Have you ever struggled with a weight loss goal? Wondered why nothing's happening to your belly and numbers on the scale don't change even though you've been rigorously following your diet and exercise plan? Would you believe me if I told you that you could start seeing results simply by sleeping?
In a 2004 study, participants who got less than eight hours of sleep a night had reduced leptin and elevated ghrelin, and higher BMI. A newer study suggests that increasing the amount of sleep adults get could lead to eating less, but the hormonal process differs between men and women. According to the study’s principal investigator, Marie-Pierre St-Onge, PhD, FAHA "Restricting sleep in healthy, normal weight participants has limited effects on metabolic risk factors and may affect food intake regulating hormones differently in men and women." The team was surprised by how sleep duration doesn't affect glucose, insulin and leptin levels, and by sex differences in the hunger-stimulating hormone ghrelin and the satiety hormone GLP-1.
How does sleep boost weight loss?
The study, conducted in 2012, tracked sleep duration, glucose dysregulation, and hormonal regulation of appetite in 27 normal weight, 30- to 45-year-old men and women. Fasting blood samples were obtained daily, and participants were studied under two sleep conditions: short (4 hours in bed) or habitual (9 hours in bed). Short sleep increased total ghrelin (the hunger hormone) levels in men but not women and reduced GLP-1 (the satiety hormone) levels in women but not in men. This sex difference has not been reported before.
If you're not getting enough sleep you might also be less eager to work out. This is because fatigue could influence not just decisions like whether you eat a bar of chocolate, but also whether or not to break a sweat. Besides, when you’re tired, you’re more likely to simply give in to impulse of temptations. And guess what else can cause your diet to fail? Chronic stress. That's because stress triggers the body to release cortisol, an appetite-stimulating stress hormone, which makes your body more likely to store fat. That's the type of weight gain that increases your risk of serious health problems. What can help reduce stress? Yup, you got it right - the answer is sleep. When tired, you are less patient and more easily agitated, which can increase stress. A good night's sleep helps you to tackle the day's stress more easily.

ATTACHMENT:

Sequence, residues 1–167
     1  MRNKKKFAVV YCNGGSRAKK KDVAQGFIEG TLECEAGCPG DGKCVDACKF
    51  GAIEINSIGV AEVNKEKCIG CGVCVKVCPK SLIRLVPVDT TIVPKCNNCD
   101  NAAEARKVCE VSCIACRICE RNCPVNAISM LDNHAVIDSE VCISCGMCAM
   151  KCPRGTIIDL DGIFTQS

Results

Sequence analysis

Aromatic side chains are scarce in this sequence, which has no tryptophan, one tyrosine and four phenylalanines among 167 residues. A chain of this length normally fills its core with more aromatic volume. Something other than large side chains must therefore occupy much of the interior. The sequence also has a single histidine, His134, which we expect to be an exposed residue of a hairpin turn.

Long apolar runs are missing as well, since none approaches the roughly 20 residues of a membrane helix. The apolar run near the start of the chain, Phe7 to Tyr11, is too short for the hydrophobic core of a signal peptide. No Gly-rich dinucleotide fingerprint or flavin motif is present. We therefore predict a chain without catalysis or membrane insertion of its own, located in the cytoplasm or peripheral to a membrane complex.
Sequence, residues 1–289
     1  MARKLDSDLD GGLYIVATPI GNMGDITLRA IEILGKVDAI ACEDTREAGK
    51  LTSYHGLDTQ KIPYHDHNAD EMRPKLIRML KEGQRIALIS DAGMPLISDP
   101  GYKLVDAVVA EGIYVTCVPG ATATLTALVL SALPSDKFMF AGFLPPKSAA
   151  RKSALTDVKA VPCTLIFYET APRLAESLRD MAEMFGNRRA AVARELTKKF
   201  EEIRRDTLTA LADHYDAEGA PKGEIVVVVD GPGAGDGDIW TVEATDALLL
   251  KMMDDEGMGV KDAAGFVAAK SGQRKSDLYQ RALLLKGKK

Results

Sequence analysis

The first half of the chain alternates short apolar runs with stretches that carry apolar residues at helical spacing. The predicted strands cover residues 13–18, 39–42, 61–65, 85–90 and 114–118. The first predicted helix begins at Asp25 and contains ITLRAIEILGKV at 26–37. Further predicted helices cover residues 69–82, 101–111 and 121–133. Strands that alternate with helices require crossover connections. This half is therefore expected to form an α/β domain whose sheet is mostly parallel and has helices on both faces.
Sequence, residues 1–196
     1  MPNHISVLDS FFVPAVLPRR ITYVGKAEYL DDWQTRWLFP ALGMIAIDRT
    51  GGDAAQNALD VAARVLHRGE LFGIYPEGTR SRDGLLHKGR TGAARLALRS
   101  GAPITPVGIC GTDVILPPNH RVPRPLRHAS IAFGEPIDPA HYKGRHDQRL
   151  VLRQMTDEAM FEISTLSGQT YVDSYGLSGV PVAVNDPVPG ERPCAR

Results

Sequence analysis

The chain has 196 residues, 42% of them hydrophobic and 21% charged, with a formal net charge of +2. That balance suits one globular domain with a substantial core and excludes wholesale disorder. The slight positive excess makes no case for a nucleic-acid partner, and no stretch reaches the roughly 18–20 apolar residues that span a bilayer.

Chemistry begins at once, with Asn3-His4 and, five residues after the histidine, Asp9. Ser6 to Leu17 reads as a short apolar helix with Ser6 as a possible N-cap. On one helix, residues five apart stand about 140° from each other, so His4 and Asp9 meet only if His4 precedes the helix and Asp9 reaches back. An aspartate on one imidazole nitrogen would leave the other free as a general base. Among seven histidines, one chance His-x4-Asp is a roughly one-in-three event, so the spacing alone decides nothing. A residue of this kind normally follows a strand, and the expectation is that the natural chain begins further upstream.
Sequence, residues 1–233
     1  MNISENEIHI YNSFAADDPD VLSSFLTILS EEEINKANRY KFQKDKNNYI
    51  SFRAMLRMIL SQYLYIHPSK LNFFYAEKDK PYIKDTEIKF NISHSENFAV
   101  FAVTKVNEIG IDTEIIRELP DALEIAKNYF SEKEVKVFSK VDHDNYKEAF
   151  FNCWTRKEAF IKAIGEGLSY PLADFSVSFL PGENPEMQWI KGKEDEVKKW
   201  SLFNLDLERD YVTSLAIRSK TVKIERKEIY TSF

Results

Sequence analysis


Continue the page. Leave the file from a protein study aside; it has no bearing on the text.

Rest Up, Slim Down
The current research focuses on sleep deprivation leading to weight gain rather than an increase in sleep leading to weight loss. According to the National Sleep Foundation, the average adult gets only six hours and 51 minutes of sleep on weeknights. But, most people actually need seven to nine hours of sleep a night. Note that the quality of sleep also is important. If you're not getting enough of REM and deep sleep, your mind and body will not recover, meaning that your mental functions and physical condition will suffer.
The results of the study point to the complexity of the relationship between sleep duration and energy balance regulation. The state of energy balance (whether someone is in a period of weight loss or weight gain) may be critical in the metabolic and hormonal responses to sleep restriction. According to the authors, this is the largest controlled clinical investigation of the effects of sleep reduction on hormonal regulation of food intake. The results suggest that the common likeliness to overeat due to sleep loss is derived from reduced feelings of fullness in women and increased appetite in men.
Bottom line: In order to achieve your weight loss goals and also ensure that you won't gain weight, make sure you're getting enough sleep.